It’s been a BIG year!
- I ended a relationship, and rekindled another
- I totaled my car (Thank God nobody was hurt…except the poor deer RIP)
- I bought a new car
- I moved
- I started a new job
- I lost and then gained 10 pounds
- I reduced my hours at work
- I lost the ability to write by hand
- I got married(!)
- I learned to write by hand in a different way
It is now widely accepted that chronic stress can lead to, and exacerbate illness. The year preceding my diagnosis of CIDP, was arguably the most stressful of my life up to that point. I am conscious that stress (even happy stress) effects my health. It effects my function, as well as my energy level. Naturally a “high strung” person, it’s a battle I am always fighting with myself. I am proud to say that years of chronic illness coupled with unexpected twists and turns in my life, have lead me to a much more “zen” place. I’ve gotten here because I had to…one might say “chill out, or die”, and it will ALWAYS be a work in progress for me.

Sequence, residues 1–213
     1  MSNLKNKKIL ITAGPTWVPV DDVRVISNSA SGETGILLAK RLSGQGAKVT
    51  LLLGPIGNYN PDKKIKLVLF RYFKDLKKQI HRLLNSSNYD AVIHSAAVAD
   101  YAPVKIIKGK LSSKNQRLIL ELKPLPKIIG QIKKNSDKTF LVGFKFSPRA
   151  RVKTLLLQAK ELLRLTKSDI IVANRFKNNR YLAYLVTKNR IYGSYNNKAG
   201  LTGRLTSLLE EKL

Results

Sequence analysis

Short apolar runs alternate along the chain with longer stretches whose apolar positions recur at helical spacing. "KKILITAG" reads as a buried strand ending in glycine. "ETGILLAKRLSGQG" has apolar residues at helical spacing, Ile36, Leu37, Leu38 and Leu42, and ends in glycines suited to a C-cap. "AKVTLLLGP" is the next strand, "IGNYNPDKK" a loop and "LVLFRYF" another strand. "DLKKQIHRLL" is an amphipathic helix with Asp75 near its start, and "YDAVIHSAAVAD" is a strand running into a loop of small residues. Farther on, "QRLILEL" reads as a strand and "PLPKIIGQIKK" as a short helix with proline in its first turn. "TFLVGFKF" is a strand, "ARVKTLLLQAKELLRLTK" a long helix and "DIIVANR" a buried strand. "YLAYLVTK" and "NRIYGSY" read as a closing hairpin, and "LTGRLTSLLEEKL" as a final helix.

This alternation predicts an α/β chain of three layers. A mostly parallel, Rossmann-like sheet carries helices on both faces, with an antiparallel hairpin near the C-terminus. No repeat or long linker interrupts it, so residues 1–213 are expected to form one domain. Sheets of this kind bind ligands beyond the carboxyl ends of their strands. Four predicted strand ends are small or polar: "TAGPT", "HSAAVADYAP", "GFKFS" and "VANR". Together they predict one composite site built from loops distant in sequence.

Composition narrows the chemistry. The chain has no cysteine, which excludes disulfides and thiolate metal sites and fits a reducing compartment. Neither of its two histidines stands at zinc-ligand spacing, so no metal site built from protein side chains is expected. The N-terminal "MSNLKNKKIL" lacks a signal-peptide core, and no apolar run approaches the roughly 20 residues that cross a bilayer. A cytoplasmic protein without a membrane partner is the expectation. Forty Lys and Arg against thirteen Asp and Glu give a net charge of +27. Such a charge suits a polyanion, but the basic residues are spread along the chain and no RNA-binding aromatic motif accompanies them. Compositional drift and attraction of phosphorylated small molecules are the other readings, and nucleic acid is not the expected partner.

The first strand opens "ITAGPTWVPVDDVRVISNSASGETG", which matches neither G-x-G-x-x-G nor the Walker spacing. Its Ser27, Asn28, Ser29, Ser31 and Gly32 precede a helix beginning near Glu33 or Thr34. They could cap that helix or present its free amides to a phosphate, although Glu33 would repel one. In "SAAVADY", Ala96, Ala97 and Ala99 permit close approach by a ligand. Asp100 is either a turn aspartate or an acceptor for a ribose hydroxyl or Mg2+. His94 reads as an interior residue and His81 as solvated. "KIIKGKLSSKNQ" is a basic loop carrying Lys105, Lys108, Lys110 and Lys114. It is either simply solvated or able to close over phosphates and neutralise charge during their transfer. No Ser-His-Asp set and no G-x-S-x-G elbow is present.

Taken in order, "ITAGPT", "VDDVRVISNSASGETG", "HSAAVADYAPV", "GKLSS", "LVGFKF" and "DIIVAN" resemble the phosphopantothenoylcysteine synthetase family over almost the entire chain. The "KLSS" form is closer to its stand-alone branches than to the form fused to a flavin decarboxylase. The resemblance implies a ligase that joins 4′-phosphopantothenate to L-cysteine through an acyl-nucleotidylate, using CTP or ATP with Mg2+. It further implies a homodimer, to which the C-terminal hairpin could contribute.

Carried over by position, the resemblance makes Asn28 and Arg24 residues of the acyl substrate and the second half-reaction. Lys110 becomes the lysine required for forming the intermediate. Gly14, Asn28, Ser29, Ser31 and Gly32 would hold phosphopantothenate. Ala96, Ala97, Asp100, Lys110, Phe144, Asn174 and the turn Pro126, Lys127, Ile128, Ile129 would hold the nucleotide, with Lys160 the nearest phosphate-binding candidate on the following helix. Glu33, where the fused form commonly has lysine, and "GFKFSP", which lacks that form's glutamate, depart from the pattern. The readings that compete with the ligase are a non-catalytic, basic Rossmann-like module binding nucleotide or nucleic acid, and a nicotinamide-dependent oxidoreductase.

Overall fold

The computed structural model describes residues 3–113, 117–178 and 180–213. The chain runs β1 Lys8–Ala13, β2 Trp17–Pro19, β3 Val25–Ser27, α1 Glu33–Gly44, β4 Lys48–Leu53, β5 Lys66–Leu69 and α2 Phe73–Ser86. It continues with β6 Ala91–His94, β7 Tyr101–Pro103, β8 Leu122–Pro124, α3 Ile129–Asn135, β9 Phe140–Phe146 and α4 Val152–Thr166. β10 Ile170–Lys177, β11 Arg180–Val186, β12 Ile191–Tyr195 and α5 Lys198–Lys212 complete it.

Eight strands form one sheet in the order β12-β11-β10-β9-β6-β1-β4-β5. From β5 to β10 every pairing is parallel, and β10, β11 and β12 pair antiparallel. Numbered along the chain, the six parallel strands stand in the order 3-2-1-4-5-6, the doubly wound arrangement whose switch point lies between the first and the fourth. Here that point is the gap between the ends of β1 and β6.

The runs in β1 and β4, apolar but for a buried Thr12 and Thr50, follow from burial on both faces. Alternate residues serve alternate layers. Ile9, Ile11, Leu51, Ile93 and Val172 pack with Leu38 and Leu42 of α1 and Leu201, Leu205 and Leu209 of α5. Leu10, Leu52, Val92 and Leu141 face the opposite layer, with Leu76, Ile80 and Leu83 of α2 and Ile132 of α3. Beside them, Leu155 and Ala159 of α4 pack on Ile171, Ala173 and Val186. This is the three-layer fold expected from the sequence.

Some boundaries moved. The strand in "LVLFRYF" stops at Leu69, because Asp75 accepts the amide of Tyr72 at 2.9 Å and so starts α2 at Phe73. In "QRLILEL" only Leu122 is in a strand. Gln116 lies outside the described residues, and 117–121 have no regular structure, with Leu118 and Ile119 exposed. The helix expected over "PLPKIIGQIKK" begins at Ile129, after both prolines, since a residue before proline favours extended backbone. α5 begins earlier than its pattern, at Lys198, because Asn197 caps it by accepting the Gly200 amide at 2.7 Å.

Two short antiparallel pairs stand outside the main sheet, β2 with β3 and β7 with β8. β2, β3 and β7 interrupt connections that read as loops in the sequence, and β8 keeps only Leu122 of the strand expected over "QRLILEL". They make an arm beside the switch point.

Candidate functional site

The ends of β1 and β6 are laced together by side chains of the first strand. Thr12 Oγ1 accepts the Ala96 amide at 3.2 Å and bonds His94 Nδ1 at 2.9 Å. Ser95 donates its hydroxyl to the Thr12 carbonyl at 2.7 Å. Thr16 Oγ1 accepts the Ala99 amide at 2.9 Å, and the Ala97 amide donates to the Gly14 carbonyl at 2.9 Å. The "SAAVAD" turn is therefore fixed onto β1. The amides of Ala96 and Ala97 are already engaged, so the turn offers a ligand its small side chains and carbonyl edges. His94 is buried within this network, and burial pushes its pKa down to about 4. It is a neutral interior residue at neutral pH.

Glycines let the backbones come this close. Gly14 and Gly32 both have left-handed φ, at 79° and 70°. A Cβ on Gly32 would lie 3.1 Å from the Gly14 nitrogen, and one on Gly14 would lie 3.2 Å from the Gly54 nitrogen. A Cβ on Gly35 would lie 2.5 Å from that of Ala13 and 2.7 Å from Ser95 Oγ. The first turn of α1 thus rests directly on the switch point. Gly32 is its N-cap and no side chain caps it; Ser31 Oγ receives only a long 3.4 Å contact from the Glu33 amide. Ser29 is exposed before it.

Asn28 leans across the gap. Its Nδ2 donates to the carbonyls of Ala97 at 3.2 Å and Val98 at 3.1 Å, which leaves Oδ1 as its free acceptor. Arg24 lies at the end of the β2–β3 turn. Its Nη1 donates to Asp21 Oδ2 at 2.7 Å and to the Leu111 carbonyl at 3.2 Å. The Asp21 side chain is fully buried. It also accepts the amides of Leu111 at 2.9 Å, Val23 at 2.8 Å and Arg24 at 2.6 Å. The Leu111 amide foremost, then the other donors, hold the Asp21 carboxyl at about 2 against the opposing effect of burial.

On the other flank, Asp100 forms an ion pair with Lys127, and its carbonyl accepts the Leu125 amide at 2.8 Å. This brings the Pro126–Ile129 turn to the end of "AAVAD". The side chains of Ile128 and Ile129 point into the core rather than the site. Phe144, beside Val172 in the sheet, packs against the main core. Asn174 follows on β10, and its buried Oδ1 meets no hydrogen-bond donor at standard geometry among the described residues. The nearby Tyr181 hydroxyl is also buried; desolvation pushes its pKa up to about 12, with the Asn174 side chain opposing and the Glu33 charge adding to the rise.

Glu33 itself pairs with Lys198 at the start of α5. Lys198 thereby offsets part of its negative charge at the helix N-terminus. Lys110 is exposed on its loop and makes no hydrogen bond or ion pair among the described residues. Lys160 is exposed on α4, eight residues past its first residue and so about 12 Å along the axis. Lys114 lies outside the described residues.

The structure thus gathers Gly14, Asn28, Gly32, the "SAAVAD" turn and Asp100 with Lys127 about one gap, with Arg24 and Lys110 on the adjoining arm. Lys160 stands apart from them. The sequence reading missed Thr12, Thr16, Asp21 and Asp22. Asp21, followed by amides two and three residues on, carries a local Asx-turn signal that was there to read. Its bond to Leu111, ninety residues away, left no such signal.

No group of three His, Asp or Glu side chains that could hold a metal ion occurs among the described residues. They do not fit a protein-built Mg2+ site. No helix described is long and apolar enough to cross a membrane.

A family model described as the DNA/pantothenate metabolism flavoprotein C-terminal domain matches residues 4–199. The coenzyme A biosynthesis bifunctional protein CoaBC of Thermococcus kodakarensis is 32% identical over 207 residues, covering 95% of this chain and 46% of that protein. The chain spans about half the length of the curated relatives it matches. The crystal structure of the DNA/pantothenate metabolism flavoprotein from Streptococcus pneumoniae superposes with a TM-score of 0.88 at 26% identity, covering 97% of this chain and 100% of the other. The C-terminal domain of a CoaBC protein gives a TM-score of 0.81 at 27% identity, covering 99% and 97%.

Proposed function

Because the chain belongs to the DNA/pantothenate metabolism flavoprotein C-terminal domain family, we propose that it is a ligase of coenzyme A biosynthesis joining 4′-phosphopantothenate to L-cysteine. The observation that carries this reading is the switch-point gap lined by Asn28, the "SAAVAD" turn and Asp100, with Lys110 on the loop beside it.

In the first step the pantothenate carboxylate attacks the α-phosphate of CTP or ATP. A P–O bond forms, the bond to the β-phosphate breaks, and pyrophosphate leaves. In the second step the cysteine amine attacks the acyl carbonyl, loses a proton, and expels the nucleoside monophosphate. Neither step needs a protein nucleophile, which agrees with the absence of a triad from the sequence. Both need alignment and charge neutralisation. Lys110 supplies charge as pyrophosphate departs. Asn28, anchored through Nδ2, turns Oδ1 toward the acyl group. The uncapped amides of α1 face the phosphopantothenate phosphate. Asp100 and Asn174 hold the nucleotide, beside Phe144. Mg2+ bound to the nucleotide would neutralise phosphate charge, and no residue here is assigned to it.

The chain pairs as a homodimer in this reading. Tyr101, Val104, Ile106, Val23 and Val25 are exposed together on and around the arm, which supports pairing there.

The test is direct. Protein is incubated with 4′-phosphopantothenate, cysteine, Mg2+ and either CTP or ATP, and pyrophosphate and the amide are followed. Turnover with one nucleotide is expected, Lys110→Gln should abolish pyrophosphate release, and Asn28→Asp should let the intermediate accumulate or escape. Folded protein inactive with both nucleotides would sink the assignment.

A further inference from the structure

As 2015 draws to a close and there looks to be calmer seas on the horizon, I am taking some time to look back, but also ahead to what I want for 2016. I survived, and more importantly (mostly) enjoyed this year. It no doubt had an impact on my health, and has left me with an energy and functional deficit I’m working to get back to black. But it was totally worth it. I could try to live in a bubble, where I resist change. But then again, it’s stressful to avoid stress…and where’s the fun in that?!
This year, the changes I made were out of necessity. The things I did, were largely to keep my head above water. Next year, I hope that I can make more changes by choice, and spend some time working towards becoming even more myself. That includes sharing more of my journey here with you. The wins, the losses, the mundane, and the significant.
Stay tuned and learn with me, while I investigate assistive devices, and technology; interact with physical and occupational therapists, nurses and physicians; increase, decrease, and try new drugs; work more, work less, and maneuver through everyday life, and relationships, with a chronic illness.